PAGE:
SK Innovation board chairman suggests a possible exit from U.S.
The chairman of the SK Innovation board blasted a U.S. ruling against the company for intellectual property theft and suggested that a multi-billion dollar battery investment in the country could be abandoned or unloaded.
His harsh words and threat of a pullout come ahead of a decision by President Joe Biden on the ruling, as the executive has final say as to whether the decision stands.
Earlier this year, the U.S. International Trade Commission (ITC) ruled in favor of LG Energy Solution against SK Innovation in a battery trade secret dispute.
On March 10, the SK Innovation’s audit committee met to discuss the issue and come up with countermeasures, as the company is now prohibited from importing electric vehicle (EV) batteries and components into United States for 10 years, with a few exceptions.
“ITC’s decision of prohibiting [SK Innovation] from operating the factories for 10 years is no different with commanding us to shut down the business,” chairman Kim Jong-hoon told to JoongAng Ilbo. “If it happened in Korea, the decision would have faced mounting criticism from the public as it's such an excessive measure.”
LG and SK’s trade secret dispute started in 2019 when LG Chem, before it spun-off LG Energy Solution, alleged SK Innovation had misappropriated EV battery-related trade secrets by hiring a group of former employees, an accusation SK Innovation denies.
The conflict then continued as the companies filed multiple patent suits against each other. LG Chem last year also said SK Innovation was found to have deleted emails mentioning LG Chem, even after the ITC judge ordered digital forensic inspection of SK Innovation’s computer systems.
The ITC ruled in favor of LG Energy Solution on Feb. 10, and the U.S. administration has 60 days to review whether to veto the ITC ruling.
If the two sides come to an agreement within the review period, the ITC ruling could be overturned and SK Innovation could be free from the 10-year import restrictions.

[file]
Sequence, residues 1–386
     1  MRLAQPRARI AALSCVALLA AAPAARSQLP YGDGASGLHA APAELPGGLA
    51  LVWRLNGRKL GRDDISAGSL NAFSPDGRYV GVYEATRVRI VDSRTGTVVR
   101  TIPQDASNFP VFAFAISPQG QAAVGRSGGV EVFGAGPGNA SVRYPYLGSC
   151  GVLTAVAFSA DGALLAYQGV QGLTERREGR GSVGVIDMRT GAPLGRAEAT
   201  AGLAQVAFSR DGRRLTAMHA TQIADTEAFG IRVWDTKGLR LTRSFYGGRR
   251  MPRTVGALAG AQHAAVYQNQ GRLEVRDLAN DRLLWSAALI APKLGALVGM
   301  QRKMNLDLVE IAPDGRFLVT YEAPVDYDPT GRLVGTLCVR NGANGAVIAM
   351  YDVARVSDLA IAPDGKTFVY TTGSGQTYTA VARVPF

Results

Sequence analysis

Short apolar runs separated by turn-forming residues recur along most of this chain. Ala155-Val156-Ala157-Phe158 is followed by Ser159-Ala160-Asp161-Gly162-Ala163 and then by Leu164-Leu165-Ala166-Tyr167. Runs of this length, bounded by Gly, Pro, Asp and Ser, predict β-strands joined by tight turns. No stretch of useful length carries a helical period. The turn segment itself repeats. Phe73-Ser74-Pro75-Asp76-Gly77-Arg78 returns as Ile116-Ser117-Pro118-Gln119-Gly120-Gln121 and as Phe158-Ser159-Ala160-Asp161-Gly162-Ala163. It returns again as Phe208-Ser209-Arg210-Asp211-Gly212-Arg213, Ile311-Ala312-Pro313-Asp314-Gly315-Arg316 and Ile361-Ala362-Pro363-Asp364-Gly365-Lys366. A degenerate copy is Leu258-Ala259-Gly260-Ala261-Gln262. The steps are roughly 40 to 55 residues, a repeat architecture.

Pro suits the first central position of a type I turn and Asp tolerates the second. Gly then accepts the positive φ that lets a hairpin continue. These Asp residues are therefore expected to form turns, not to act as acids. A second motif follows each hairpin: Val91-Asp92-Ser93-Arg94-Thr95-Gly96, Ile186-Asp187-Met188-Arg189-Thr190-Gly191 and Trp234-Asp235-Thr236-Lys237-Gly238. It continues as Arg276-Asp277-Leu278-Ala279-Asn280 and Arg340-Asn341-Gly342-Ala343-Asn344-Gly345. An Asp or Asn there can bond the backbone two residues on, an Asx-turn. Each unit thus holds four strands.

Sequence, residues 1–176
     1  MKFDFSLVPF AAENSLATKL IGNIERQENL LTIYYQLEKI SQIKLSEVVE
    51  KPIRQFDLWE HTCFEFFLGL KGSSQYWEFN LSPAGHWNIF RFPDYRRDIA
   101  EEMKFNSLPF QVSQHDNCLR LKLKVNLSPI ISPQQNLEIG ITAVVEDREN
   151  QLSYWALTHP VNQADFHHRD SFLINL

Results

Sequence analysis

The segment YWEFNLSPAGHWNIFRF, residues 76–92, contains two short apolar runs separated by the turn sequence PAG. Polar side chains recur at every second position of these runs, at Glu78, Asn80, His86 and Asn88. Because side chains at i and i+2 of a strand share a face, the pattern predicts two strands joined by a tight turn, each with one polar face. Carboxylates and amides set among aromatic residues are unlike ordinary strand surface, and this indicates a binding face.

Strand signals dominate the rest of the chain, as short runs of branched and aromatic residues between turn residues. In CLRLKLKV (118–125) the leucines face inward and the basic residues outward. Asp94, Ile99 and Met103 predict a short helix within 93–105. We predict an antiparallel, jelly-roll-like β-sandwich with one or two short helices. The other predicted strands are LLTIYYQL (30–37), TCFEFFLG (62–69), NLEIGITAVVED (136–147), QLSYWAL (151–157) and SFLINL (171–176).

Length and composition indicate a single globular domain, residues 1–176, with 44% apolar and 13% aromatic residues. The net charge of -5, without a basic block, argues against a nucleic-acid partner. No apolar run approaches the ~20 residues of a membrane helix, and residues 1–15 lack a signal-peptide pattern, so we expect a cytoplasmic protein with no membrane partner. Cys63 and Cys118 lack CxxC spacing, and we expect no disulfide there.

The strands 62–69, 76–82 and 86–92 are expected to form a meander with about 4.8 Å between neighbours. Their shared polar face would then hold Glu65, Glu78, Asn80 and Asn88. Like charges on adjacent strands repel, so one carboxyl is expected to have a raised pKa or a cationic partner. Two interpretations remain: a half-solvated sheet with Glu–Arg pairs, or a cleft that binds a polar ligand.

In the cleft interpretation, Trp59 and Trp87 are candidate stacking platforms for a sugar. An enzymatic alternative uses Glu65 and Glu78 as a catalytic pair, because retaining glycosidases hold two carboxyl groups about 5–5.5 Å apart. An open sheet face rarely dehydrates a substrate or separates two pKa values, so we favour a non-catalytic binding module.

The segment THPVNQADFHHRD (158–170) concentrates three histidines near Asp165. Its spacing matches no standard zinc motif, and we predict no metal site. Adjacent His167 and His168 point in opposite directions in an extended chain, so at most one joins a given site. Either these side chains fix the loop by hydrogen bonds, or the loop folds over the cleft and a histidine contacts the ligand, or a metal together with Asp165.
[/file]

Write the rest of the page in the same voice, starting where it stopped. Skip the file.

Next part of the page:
“The board of directors pointed out that the practice of deleting related emails was a huge mistake that caused misunderstanding that SK Innovation stole trading secrets,” Kim said. “But the board members feel same as the company and we ‘feel sorry’ about the decision that ITC has made."
Chairman Kim is a well-known figure in business and public service for his contribution to the Korea-U.S. free trade agreement (FTA). Having served as minister for trade at the Ministry of Foreign Affairs and Trade between 2007 and 2011, he was Korea’s chief negotiator for the FTA talks with the United States.
Kim joined SK Innovation’s board in March 2017.
When Kim was asked about the possibility of reaching an agreement with LG Energy Solution, he said he doesn’t know how much LG Energy Solution requested in terms of a settlement.
Kim then started to blast the ITC ruling.
“SK Innovation invested some 3 trillion won ($2.64 billion) to build battery factories in Georgia.” Kim said.
"As a board member, I could certainly say how the company should participate the negotiation in favor of shareholder interests," Kim added. "If the company thinks paying lots of settlement money to LG to operate plants in the United States is not helpful to shareholder interest, then it is right for the company to shut down the business."
“It’s either the company gives up the battery business or find another partner country to run the business other than United States. We already delivered our opinions to the company.”
While the two companies are not confirming the exact amount, local press reports suggest LG Energy Solution has been calling for some 3 trillion won to 4 trillion won in compensation, while SK Innovation has been proposing a maximum of 1 trillion won.
Some say the stance of SK Innovation is the company's last move to persuade U.S. President Joe Biden to overturn the ITC’s ruling and to force LG Energy Solution reduce the amount of settlement money.
LG Energy Solution earlier the month sent a letter to U.S. Senator Raphael Warnock, suggesting that it would build its own battery plant in Georgia.
The company also announced that it will invest over 5 trillion won by 2025 and build at least two battery plants in United States.
Regarding the concerns over the possible economic slump that would be caused by the shutdown of SK Innovation’s plants in Georgia, LG Energy Solution said it is ready to do everything to help people there.
Georgia is where SK Innovation has promised $2.6 billion of investment and 2,600 permanent jobs with its own battery plants, currently under construction in Commerce, Georgia.
We are “prepared to do whatever we can to help the people and workers of Georgia,” Kim Jong-hyun, CEO of LG Energy Solution, was reported to have said in the letter to Warnock, according to the Atlanta Journal Constitution on March 13.
LG Energy Solution not only offered its own investment, but also seemingly suggested it could even take over the SK Innovation’s facilities.
BY CHOI SUN-WOOK, CHEA SARAH [firstname.lastname@example.org]